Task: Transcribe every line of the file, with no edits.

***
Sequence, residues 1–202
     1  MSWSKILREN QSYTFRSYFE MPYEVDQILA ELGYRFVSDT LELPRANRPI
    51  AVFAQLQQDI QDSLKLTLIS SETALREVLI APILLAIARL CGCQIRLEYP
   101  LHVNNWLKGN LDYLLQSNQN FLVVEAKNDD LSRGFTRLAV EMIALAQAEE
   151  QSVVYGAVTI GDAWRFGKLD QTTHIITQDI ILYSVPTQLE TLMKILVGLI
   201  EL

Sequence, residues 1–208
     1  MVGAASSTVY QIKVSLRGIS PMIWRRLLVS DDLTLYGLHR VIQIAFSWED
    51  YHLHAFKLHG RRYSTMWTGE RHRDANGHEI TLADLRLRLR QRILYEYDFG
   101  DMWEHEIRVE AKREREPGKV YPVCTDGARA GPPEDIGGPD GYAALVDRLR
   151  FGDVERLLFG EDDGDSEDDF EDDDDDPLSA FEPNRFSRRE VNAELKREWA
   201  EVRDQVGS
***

Sequence, residues 1–202
     1  MSWSKILREN QSYTFRSYFE MPYEVDQILA ELGYRFVSDT LELPRANRPI
    51  AVFAQLQQDI QDSLKLTLIS SETALREVLI APILLAIARL CGCQIRLEYP
   101  LHVNNWLKGN LDYLLQSNQN FLVVEAKNDD LSRGFTRLAV EMIALAQAEE
   151  QSVVYGAVTI GDAWRFGKLD QTTHIITQDI ILYSVPTQLE TLMKILVGLI
   201  EL

Sequence, residues 1–208
     1  MVGAASSTVY QIKVSLRGIS PMIWRRLLVS DDLTLYGLHR VIQIAFSWED
    51  YHLHAFKLHG RRYSTMWTGE RHRDANGHEI TLADLRLRLR QRILYEYDFG
   101  DMWEHEIRVE AKREREPGKV YPVCTDGARA GPPEDIGGPD GYAALVDRLR
   151  FGDVERLLFG EDDGDSEDDF EDDDDDPLSA FEPNRFSRRE VNAELKREWA
   201  EVRDQVGS